The Oscars are fast approaching in Hollywood, and there are many actors vying for statuettes after being out of the limelight for some time.
Brendan Fraser has become the feelgood story of the year for his return to prominence in The Whale, while Ke Huy Quan has been celebrating a return to prominence after appearing in Everything Everywhere All At Once.
There’s nothing that revives a career quite like an Oscar run, and as these examples show, win or lose, an association with Hollywood’s biggest night can lead to big things.
Arguably the blueprint for any actor looking to reinvent their career trajectory: Matthew McConaughey deliberately took a hiatus from movies after growing tired of being known as a rom-com lead. It was a smart decision, as in the early 2010s he began taking on more interesting roles, making more earnest dramas, culminating in winning an Oscar for 2013s Dallas Buyers Club.
“Taking a year and a half off and saying no to things in some form or fashion made me a new good idea" he recalled. Dubbed The McConaissance, the change in direction stuck, leading to the actor working with Christopher Nolan and Martin Scorsese, while also winning praise for his small screen work in True Detective.
For over twenty years, Michael Keaton had been living in the shadow of his 90s success as Batman. It wasn't until he embraced that predicament in 2014's Birdman that he truly began to take flight.
Playing an actor known for his superhero work earned Keaton an Oscar nomination, but sadly not a win (Eddie Redmayne pipped him to the post).
Read more: Why was Batgirl scrapped?
However, Birdman won Best Picture and led to a revival that continues to this day. He appeared in another Best Picture winner in Spotlight, had a stint for Marvel in Spider-Man: Homecoming, reunited with Tim Burton on Disney's Dumbo, and recently got back in the cowl as Batman for the forthcoming movie The Flash.
For the 90s star of True Romance, Ed Wood, Lost Highway and more this Oscar revival was ten years in the making. Patricia Arquette played mother Olivia in Richard Linklater’s Boyhood (2014), which was shot over the course of a decade, and the layered performance saw her beat acting royalty Meryl Streep to win Best Supporting Actress at 2015’s Oscars, BAFTAs, Critics Choice, Golden Globes, Independent Spirit Awards and SAG Awards.
Since then, she has become a star on the big and small screens, appearing in Toy Story 4, winning an Emmy for television drama The Act, and a Golden Globe for Escape at Dannemora. She’ll also step behind the camera in 2023 directing herself and Willem Dafoe in drama Gonzo Girl.
He may have won a Golden Globe and BAFTA for his portrayal of a down-and-out grappler in The Wrestler, but Mickey Rourke just missed out on the 2009 Best Actor Oscar, losing to Sean Penn for his performance in Milk.
Don’t feel too sorry for the 80s star, however, who kickstarted an infamously faltering career to become part of the Marvel Universe in Iron Man 2, join The Expendables, and revisited one of his old roles in Sin City: A Dame To Kill For.
Until 2012’s Argo, Ben Affleck was considered a Hollywood cautionary tale. A once-promising career floundered thanks to media attention on his personal life, and a trio of notorious box office bombs (Daredevil, Jersey Girl, and Gigli).
Read more: Ben Affleck heaps praise on Marvel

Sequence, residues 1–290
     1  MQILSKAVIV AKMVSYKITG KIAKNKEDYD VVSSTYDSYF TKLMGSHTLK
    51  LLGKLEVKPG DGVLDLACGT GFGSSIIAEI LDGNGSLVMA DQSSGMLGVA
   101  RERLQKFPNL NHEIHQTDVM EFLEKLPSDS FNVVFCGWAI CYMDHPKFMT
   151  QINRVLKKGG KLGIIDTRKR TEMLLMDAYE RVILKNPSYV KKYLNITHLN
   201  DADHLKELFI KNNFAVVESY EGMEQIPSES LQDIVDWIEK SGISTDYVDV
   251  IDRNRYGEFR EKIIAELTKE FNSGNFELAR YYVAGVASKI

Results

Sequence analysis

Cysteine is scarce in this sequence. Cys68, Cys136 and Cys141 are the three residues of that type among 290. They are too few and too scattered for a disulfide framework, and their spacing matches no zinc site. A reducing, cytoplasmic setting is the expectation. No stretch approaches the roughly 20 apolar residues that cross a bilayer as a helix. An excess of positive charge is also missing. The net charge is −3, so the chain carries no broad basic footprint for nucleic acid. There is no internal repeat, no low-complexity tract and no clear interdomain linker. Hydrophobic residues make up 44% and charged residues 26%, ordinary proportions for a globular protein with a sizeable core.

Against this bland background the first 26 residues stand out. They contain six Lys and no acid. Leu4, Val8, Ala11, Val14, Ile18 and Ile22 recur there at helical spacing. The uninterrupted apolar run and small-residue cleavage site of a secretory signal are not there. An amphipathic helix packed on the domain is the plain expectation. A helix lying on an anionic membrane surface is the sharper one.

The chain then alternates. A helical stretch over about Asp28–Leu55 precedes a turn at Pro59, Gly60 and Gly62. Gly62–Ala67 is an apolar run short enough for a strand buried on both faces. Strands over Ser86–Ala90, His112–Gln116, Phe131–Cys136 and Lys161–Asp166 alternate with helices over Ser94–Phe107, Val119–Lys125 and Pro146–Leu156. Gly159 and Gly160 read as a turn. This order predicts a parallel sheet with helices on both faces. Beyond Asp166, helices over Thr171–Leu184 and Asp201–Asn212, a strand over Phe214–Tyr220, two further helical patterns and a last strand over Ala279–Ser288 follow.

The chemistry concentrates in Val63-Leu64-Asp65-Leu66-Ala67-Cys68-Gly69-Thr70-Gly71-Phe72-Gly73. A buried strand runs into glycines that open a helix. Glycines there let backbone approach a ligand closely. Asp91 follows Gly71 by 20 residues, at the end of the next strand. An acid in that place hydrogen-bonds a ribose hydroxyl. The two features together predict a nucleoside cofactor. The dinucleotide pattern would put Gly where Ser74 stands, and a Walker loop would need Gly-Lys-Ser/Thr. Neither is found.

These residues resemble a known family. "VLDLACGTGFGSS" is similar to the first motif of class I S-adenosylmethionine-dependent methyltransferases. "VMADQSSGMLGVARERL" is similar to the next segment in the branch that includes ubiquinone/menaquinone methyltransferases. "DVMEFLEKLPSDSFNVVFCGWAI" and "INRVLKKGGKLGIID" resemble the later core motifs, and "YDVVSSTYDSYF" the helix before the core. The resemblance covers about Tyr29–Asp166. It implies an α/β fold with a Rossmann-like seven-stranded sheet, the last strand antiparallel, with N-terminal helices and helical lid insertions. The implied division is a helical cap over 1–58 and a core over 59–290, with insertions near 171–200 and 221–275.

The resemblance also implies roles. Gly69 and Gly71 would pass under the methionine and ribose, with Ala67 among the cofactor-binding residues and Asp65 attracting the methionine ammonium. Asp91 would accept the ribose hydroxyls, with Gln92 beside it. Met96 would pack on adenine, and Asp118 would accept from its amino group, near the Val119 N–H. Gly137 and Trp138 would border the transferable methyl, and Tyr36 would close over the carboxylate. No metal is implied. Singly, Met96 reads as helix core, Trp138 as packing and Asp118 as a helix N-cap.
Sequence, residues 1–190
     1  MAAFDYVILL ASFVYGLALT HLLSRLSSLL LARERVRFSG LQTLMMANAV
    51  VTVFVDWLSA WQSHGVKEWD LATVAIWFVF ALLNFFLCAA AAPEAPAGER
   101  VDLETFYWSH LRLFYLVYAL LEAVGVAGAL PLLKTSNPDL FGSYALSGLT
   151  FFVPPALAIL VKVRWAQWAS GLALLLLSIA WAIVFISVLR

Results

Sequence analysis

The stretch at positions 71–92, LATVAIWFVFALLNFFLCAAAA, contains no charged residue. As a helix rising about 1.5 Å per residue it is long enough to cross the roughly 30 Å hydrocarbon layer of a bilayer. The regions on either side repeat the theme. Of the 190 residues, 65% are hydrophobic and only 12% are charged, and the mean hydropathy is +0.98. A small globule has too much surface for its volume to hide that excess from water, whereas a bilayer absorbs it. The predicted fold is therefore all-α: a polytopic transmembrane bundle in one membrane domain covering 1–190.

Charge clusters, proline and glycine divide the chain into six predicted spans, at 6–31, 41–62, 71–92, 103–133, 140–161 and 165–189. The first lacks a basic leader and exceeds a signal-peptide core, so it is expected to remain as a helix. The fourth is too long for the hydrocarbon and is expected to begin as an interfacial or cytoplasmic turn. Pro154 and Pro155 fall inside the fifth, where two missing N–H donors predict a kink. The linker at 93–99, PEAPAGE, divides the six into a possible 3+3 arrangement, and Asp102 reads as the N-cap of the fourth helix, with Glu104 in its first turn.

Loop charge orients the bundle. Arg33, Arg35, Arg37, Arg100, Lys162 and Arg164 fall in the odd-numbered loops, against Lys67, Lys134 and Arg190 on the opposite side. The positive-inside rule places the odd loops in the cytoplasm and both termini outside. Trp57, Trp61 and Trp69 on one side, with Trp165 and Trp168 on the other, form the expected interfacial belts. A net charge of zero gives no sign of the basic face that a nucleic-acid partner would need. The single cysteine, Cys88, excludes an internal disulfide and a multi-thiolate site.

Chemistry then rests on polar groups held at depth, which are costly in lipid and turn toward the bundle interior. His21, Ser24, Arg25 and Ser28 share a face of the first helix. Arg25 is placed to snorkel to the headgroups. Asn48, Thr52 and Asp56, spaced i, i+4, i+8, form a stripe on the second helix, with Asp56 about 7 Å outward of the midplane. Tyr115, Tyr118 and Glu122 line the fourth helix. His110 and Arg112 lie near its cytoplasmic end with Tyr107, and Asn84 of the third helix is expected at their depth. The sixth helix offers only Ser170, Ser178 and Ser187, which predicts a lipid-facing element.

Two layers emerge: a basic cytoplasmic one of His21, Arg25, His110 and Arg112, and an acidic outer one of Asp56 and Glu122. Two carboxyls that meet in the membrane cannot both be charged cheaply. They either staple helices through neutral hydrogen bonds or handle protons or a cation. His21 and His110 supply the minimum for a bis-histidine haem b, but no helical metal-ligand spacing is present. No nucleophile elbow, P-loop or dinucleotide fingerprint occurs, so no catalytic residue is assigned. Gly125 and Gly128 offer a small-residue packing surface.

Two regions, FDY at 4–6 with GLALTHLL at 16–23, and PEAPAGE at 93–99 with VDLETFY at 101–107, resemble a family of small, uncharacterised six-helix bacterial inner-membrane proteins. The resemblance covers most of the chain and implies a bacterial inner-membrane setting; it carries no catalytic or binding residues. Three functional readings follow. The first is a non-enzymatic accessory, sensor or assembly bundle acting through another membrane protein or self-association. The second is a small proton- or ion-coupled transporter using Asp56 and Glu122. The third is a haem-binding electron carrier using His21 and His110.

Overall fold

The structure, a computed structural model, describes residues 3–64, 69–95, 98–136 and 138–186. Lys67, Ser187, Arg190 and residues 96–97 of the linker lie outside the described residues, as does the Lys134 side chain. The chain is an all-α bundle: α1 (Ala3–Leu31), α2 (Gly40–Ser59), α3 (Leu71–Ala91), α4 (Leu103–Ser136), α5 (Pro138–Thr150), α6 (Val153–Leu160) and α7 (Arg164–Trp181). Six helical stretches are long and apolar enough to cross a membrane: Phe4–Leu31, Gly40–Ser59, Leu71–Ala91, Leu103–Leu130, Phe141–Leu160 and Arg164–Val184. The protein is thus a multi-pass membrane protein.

Quietly making his name in the early 2010s behind the camera (The Town, Gone Baby Gone), he directed and starred in the biographical drama that won him the 2013 Best Picture Oscar. Just as winning for Good Will Hunting in the 90s started his career, this second award reinvented him as a leading man and surprise Dark Knight, becoming Batman in the DC Extended Universe.
According to Quentin Tarantino, 90s classic Pulp Fiction almost didn’t happen at studio Miramax because of one name. “(The studio) came back: ‘The entire list is approved … except for John Travolta’” the director recalled.
The Weinstein brothers only agreed to it at the eleventh hour, and thank goodness they did because his portrayal of Vincent Vega became a movie landmark and sparked one of the greatest reinventions ever – Face/Off, Swordfish, Get Shorty and more followed his appearance as the dancing hitman, despite losing out on a Best Actor Oscar to Tom Hanks’ Forest Gump.
While Laura Dern had been a consistent performer throughout her career, the enormous success of starring in Jurassic Park was hard to follow up, meaning the actor mainly appeared in independent movies for much of the 90s and 2000s.
Read more: Ten flaws in Jurassic Park you never spotted
She became a standout supporting actor in the 2010s with movies like The Master, The Founder, and Wild, with many feeling like an Oscar was only a matter of time. Those feelings were justified in 2019 when she won Best Supporting Actress for drama Marriage Story. While celebrating a comeback rather than sparking one, Dern continues to be in demand, having returned to the Jurassic franchise in 2022 for Dominion.
A staple of Hollywood in the 60s and 70s, James Coburn's career ground to a halt in the 80s and early 90s due to debilitating arthritis. Years of voice acting and small support roles ended when he found effective treatment and restarted his career, leading to an Oscar win for his portrayal of an abusive father in the mid-90s drama Affliction.
While he would sadly die a few years later in 2002, the win led to his appearances in high profile movies such as Mel Gibson thriller Payback, and Pixar classic Monsters Inc.
Watch a trailer for The Whale